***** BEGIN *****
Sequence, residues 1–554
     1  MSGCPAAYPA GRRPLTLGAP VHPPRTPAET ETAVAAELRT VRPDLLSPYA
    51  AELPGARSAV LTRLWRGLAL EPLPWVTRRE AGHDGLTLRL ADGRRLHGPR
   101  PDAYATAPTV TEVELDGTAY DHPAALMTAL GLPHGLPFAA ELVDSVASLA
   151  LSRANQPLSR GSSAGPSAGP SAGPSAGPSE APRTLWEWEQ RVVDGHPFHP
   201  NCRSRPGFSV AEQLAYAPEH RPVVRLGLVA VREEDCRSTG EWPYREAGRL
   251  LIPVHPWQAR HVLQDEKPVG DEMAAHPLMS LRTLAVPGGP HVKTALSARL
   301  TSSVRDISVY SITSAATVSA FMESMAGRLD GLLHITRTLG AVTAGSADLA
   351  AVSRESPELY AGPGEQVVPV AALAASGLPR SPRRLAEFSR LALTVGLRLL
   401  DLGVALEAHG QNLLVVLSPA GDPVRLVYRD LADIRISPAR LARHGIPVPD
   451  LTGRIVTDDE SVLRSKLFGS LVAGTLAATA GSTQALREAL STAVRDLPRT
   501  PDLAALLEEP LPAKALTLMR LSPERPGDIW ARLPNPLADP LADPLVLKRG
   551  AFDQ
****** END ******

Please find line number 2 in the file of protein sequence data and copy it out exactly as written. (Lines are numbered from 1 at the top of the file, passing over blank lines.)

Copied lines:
     1  MSGCPAAYPA GRRPLTLGAP VHPPRTPAET ETAVAAELRT VRPDLLSPYA